The Erie Railway completed in 1910 a steel viaduct in Jersey City, N. J., having a length of 1,776 feet, and leading up to a cut in Bergen Hill. This involved bridgework of structural steel, resting on concrete. Owing to the soft nature of the ground, which was largely wet sand, it was necessary to sink many concrete caissons, and where the sand was more solid to use concrete piles.
Recent Foreign The Que bec Bridge a cantilever truss, having the longest span (1,800 feet) of any bridge to date (1916). surpasses the Forth Bridge (Scotland) by 90 feet, and the Williamsburg Bridge by 200 feet. It was designed to carry two railroad tracks loaded with the heaviest modern traffic and two footways. The live load was figured at 5,000 pounds per lineal foot, with two E-60 locomo tives. The wind pressure is figured at 30 pounds per square foot of both trusses and 300 pounds per square foot of trains. The main posts of the cantilevers over the piers are of four separate columns latticed together, 9 feet by 10 feet each, standing on a shoe 19 feet high and 22 feet by 26 feet at its base and weighing 400 tons. The maximum cross sec tion of the posts is 1,903 square inches, and they weigh 1,500 tons each. The members next to the posts are 7 feet 2 inches deep by 10 feet 4 inches wide, and have a cross section of 1,902 square inches. They are composed of four webs 7 feet deep, each web being of four plates riveted together, having a total thickness of 3y, inches. The suspended span, 640 feet long and 88 feet wide, was assembled on a pile trestle nearby and six scows floated under it at the panel points and sunk on prepared foundations. Cross girders and bracing were built up on the scows, at low water the scows were drained, and at high water the span floated free of the trestle. It was lifted to its place from the river by eight 1,000-ton hydraulic jacks, two at each of the corners of the cantilever arms. There has not been any such remarkable bridge build ing in the Old World. Two new bridges were completed over the Rhine at Cologne in 1908, one having 492 feet of span and the other 550 feet. The Risorgimento Bridge, across the Tiber at Rome, was completed in 1911. It has a span of 328 feet, and is chiefly noteworthy because of its historic site, and from the fact that the false work on which the arch rested during construction was built of steel and con crete, instead of wood.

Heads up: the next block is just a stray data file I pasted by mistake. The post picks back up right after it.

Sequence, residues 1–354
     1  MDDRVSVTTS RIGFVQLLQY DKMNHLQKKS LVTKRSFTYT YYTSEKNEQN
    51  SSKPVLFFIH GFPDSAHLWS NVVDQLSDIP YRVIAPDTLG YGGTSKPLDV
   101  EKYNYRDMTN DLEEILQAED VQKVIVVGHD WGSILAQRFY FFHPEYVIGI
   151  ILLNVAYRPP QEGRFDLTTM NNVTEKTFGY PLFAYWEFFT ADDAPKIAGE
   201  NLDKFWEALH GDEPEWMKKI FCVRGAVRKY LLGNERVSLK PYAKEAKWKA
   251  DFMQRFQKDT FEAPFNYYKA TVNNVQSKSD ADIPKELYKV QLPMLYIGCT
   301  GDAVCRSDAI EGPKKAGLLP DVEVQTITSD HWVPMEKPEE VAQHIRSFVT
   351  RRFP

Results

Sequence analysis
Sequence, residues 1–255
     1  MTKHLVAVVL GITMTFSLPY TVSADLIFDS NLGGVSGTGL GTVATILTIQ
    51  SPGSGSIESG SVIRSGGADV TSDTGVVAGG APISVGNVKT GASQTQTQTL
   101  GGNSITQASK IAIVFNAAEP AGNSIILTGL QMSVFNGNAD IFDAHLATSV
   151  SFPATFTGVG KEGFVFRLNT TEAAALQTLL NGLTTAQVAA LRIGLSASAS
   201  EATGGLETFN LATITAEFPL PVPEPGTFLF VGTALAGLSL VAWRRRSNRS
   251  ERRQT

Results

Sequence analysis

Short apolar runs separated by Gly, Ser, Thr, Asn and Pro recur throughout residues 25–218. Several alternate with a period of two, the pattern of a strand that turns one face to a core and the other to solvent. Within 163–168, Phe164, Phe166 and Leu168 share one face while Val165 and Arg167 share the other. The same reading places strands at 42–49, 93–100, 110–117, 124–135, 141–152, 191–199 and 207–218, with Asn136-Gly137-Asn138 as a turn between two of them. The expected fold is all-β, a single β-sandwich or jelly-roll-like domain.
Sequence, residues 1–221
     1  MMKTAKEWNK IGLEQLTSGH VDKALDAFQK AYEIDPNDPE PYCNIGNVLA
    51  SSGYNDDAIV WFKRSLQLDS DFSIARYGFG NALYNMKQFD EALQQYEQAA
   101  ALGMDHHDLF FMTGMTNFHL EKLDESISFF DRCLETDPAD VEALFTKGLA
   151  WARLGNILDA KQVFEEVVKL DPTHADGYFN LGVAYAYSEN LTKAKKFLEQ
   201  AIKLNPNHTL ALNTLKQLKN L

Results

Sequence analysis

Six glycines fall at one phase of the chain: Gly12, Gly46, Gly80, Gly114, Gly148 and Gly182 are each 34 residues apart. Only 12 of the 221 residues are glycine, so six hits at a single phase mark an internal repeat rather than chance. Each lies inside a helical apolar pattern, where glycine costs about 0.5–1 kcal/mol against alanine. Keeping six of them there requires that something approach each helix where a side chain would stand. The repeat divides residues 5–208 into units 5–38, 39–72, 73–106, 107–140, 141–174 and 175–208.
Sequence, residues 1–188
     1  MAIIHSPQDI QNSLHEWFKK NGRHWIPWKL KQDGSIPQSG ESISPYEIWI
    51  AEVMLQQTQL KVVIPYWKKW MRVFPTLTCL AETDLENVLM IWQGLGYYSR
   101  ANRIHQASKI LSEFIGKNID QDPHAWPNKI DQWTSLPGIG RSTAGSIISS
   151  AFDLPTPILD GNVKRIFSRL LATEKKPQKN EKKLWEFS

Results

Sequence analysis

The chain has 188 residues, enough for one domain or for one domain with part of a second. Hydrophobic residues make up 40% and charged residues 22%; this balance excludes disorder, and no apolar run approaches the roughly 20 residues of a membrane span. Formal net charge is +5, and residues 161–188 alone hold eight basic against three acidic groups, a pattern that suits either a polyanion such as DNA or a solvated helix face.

The Swiss Sitter River Viaduct, which was completed in 1911, is only 400 feet long, but is notable because it crosses a gorge at a height of 1,130 feet. At•Auckland, New Zealand, was completed in 1910, the largest concrete arch in that part of the world, having a span of 320 feet, the minor spans giving the bridge a total length of 960 feet. In Africa the Sudan Rail way has built a bridge over the Blue Nile at Khartum, which was completed in 1909, and which rests on 20 steel cylinders, each 16 feet in diameter, and carried down as far as 60 feet below low water. The seven largest spans of this interesting bridge are each feet. In